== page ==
Tuesday, August 16, 2011

Beating Swords into Plowshares….For Fuel: 60 Year Old Defense Production Act Back in Vogue

Interesting reporting in Greenwire by Annie Snider (worth the few pennies a day to subscribe). The level of discussion of biofuel is moving beyond the concern for the price of corn; the Federal government is recognizing our dependence on a commodity we do not control. The President is considering invoking the provisions of the Defense Production Act.

The Act, passed in 1950, gives the President the authority to order business to sign contracts or fulfill orders determined to be necessary to national defense. It also allows the President to issue orders allocating materials, services and facilities to promote national defense. Finally, it allows the President to requisition property, force industry to expand production and the supply of basic resources, impose wage and price controls, settle labor disputes, control consumer and real estate credit, establish contractual priorities, and allocate raw materials to aid the national defense. The President will have to declare the technology to produce biofuels (which one(s)??) as critical to the national defense. If you are a fan of small government, you will love this! Sounds a little scary; but, then the days around the Korean War were a scary time.

According to the Department of Agriculture press release, the Navy and the DOE and will design a program to provide in the neighborhood of $500M to the biofuels industry to try to bring production facilities up to commercial scale. The provisions of the Act are administered by the Department of Commerce. The intent of the Act is to provide the military the critical material necessary for the national defense.

Normally, I am a fan of market forces and sink or swim in the economic area. Biofuels are a special case. If unusual efforts are not undertaken, biofuels will never get to a commercially competitive range. In case you have not heard, the top five companies for 2011 in America according to Fortune Magazine are:

  1. Wal-Mart Stores
  2. Exxon Mobil
  3. Chevron
  4. ConocoPhillips
  5. Fannie Mae

You may note that 2, 3, and 4 happen to be oil companies. I would surmise that they probably have the cash reserves to beat biofuels on price for a very long time.

The other argument you often hear against this is that the government shouldn’t pick winners. If you think that is the case, go talk to a contracting officer. The government picks winners all the time! Usually, in free and open competition. Presumably this program will select among the various contenders for performance (JP8 identical), sustainability (not food!), price, etc.

The bottomline is that we and our trading partners are vulnerable to oil depletion or denial. Biofuels are a step on the path to the final revolution in transportation…..flying cars! Or electric. Or whatever sustainable energy source can provide us the mobility we require without the vulnerability. Dan Nolan


Brian Smith said...

If they really want affordable, locally produced fuel fast, it appears they need to focus on Coal-Biomass to Liquids or Natural Gas-Biomass to Liquids.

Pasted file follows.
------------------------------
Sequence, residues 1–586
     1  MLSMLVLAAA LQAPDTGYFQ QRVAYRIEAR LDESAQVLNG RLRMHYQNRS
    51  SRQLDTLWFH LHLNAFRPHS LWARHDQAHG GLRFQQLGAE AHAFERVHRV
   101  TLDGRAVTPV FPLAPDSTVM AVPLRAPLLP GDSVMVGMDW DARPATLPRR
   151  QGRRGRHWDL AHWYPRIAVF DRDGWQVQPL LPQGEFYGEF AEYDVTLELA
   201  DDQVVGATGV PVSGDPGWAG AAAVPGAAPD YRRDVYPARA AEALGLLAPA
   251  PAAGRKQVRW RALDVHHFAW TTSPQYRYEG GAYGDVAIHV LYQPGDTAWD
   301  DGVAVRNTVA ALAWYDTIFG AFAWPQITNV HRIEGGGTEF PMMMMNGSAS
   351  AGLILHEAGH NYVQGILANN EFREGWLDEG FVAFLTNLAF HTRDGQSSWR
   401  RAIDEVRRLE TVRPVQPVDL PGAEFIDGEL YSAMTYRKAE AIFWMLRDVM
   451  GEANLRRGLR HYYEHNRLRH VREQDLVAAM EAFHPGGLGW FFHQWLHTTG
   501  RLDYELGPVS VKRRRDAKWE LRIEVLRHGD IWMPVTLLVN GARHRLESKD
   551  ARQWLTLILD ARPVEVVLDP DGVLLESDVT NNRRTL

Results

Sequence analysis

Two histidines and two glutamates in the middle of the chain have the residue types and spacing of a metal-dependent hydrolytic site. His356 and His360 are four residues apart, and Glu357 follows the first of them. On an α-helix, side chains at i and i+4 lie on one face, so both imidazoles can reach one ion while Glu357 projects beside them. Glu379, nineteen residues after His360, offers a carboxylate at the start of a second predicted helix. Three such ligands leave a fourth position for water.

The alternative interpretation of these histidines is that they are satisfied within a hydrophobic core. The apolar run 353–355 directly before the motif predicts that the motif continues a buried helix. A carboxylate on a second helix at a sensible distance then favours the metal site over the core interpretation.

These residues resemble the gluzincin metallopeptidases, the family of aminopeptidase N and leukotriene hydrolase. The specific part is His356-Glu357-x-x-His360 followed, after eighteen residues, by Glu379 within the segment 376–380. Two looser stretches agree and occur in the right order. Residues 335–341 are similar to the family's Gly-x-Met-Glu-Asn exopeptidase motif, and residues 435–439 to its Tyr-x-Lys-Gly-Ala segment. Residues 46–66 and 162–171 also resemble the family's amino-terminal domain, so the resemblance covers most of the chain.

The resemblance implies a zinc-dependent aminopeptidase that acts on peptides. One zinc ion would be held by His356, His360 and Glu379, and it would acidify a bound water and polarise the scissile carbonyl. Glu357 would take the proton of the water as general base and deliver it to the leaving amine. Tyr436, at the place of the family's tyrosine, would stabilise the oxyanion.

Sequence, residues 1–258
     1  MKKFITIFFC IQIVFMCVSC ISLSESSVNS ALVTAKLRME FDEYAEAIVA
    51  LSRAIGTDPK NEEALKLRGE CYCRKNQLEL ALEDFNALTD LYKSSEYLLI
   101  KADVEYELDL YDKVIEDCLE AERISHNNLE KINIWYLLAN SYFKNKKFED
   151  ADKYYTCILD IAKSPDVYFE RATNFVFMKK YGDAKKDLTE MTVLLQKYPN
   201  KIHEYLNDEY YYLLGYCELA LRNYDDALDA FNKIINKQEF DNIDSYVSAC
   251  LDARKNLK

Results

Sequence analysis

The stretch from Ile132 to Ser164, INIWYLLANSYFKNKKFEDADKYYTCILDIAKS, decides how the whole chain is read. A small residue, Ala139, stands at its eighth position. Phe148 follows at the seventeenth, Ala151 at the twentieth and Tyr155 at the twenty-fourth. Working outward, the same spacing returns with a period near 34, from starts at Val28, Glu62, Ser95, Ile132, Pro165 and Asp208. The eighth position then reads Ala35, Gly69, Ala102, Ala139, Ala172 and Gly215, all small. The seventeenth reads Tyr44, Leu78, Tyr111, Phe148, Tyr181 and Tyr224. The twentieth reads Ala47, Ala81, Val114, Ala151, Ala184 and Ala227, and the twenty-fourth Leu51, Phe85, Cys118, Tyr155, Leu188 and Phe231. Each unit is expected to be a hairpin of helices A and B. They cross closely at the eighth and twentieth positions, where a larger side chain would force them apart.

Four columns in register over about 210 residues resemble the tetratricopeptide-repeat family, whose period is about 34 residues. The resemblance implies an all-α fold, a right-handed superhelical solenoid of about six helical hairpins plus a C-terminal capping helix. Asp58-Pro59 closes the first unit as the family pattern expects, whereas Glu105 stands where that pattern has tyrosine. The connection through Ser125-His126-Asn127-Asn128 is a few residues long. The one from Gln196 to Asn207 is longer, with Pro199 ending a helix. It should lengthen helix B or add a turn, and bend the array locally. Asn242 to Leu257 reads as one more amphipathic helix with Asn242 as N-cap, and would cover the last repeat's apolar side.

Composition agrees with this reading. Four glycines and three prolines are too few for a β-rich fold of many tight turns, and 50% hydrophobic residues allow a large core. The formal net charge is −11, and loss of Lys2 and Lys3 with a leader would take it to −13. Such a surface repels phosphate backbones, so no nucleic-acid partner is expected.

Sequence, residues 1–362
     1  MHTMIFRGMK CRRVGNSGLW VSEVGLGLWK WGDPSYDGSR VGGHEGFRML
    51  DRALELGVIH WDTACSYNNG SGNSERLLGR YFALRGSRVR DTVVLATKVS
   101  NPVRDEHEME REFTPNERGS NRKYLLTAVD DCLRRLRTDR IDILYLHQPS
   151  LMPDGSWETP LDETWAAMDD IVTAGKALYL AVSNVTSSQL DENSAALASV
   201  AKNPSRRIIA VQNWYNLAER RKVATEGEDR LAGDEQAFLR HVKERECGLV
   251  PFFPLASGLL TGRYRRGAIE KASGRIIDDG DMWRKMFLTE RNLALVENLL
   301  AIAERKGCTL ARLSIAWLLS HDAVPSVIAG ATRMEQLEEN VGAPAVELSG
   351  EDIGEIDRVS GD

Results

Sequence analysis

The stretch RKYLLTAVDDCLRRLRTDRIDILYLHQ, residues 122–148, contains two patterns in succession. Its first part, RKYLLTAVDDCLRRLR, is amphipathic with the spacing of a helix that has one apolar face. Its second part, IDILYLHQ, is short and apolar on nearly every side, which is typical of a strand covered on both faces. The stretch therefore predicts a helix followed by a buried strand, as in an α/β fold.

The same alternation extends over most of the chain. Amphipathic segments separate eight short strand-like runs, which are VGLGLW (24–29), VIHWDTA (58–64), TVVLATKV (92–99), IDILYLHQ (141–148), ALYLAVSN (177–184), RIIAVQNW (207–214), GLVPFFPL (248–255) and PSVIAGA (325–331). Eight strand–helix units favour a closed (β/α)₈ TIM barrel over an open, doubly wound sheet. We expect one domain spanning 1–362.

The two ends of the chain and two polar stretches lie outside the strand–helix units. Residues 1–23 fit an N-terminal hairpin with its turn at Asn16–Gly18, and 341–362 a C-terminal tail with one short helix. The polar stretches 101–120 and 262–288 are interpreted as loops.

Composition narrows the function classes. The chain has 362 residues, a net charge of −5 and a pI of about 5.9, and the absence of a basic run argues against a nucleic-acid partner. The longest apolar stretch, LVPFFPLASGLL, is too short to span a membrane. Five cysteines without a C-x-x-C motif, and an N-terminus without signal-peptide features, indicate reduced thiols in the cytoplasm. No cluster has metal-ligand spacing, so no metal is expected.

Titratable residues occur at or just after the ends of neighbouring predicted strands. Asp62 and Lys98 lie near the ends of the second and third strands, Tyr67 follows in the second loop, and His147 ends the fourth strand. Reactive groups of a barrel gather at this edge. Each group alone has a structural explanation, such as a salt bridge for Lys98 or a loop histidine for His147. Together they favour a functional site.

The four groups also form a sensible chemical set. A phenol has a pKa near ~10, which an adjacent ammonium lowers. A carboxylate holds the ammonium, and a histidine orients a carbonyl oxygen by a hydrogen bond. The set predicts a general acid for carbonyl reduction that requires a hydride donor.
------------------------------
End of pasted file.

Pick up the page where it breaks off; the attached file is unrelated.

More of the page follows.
That's at least if you believe the National Energy Technology Laboratory's analysis on Coal and Biomass to Liquids: http://www.netl.doe.gov/energy-analyses/refshelf/PubDetails.aspx?Action=View&PubId=122 One takeaway from this analysis is that biomass is EXPENSIVE.

Take Camelina: even if the process to convert Camelina to Oil were FREE, you'd likely still have trouble competing based on camellia crop cost models that I've seen.

Perhaps Algae can be grown faster, but a agriculture firm growing algae could probably earn much larger profit margins with non-fuel products like cosmetics.

Anonymous said...

When I read your “Beating Swords into Plowshares” post I found the idea of resuscitating the Defense Production Act somewhat disconcerting and for the most part unnecessary.

Its premise is based on the theory that the only renewable resources which can easily be turned into biofuels are corn, wheat, and soybeans. An increase in the production of those commodities for that purpose would necessitate the expansion of farmland which would most likely lead to the elimination of wooded areas. It would lead to overuse of pesticides and fertilizers which pollute streams, rivers and watershed property thus leading to the obliteration of aquatic life. And it would, as recent history proves, drive up commodity prices thus creating a dearth of grain available to 3rd world nations and while also creating ridiculously inflated prices for bread and flour.

Instead, why doesn’t the the Navy and the DOE use some of the $500M mentioned to create a cost effective way of producing algal biofuels. Algal fuel can potentially produce more than 100 times more oil per acre than all oil producing crops; it can be cultivated in ponds or indoor facilities in any climate; the algae feeds on CO2 thus creating an opportunity to make use of a pollutant created by power plants; and the algae residue can be used to generate heat, and feed for livestock.

The one thing algar has in common with other bio fuels is the fact that it currently takes more energy to produce than its carbon footprint warrants.

I had read a while back that the National Renewable Energy Laboratory had been exploring ways to drive down the cost of algal production and was also investigating the use of Algal biofuels for programs within the Defense Advanced Research Projects Agency and the Air Force Office of Scientific Research. I don’t know what the outcome was but at least there had been an interest.

I look forward to reading more of your posts with the hope of being enlightened further.

Lenore R. Buonocore